For the past century or so Panama has been known as a great place by which to get from here to there, thanks to the 51-mile canal that slices through it. As the SI Swimsuit crew discovered during its eight-day shoot, however, the country has other, less-explored virtues that offer a diversity of pleasing experiences and landscapes.
The intrepid crew took 16 rides on helicopters, eight on boats and six on planes, as they mined every corner of the country, from its vibrant capital, Panama City, where dozens of sparkling new skyscrapers and a lively nightlife mix with the colonial charms of neighborhoods like Casco Viejo, a UNESCO World Heritage Site; to the three-year-old, five-star Bristol Buenaventura resort, on the Pacific coast; to the more bohemian, Caribbean pleasures of Bocas del Toro and its serene, waterfront Playa Tortuga hotel; and, finally, to the even more remote San Blas, a hidden cluster of 378 mostly tiny islands. While a few dollars will buy you permission from the colorfully dressed Kuna Indians to spend the day lounging on the beach of one of the islands they call home, lodging remains scarce in San Blas, so the SI crew was forced to crash on Proteus, a 142-foot research vessel on which Steve Zissou would feel at home. Proteus's chef serves you gourmet meals as sharks circle around and around outside, hungering for theirs.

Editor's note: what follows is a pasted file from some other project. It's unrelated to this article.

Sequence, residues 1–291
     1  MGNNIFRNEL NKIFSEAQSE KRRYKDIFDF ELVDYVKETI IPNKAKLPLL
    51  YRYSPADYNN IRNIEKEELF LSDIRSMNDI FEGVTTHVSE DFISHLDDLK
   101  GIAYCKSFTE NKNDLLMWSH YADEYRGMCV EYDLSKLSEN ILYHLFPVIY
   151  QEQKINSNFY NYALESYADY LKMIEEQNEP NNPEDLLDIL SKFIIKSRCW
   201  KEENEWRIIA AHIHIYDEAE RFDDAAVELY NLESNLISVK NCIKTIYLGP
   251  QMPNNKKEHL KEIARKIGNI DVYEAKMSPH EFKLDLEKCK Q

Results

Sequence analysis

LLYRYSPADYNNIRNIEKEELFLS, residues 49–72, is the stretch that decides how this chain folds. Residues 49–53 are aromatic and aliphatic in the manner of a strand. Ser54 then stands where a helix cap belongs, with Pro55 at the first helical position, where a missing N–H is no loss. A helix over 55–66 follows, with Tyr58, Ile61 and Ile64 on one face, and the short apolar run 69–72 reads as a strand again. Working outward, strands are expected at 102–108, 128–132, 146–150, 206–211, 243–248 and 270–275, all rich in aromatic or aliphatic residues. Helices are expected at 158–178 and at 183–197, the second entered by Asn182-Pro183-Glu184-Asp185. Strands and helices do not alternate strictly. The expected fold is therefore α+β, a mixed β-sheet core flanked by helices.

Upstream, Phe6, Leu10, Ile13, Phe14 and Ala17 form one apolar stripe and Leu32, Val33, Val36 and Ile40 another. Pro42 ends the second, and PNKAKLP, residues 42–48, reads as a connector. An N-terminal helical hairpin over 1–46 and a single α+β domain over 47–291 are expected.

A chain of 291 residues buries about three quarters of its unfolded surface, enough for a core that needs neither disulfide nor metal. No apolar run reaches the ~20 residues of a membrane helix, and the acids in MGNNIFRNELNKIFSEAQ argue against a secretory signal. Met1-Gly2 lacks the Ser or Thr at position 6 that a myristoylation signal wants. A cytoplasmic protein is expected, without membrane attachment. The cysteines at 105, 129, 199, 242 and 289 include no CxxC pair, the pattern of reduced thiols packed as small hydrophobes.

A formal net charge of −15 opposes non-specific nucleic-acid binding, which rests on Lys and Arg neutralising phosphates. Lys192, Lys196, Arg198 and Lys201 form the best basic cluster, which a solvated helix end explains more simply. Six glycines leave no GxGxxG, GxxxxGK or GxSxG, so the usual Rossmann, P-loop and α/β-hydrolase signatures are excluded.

The fact is, however, that you do not need a tycoon's transportation options to enjoy Panama's natural and cultural beauty, as was eminently clear one afternoon on Avenida B in the capital. That day, construction workers came down from their scaffolding to join model Ariel Meredith in an impromptu and steadily growing dance party, as a Spanish version of Beyoncé's Halo played from somebody's boom box. That magical half hour only confirmed what the crew already knew: that Panama is no longer a place that you will merely want to pass through but one that you will want to stop and stay a while.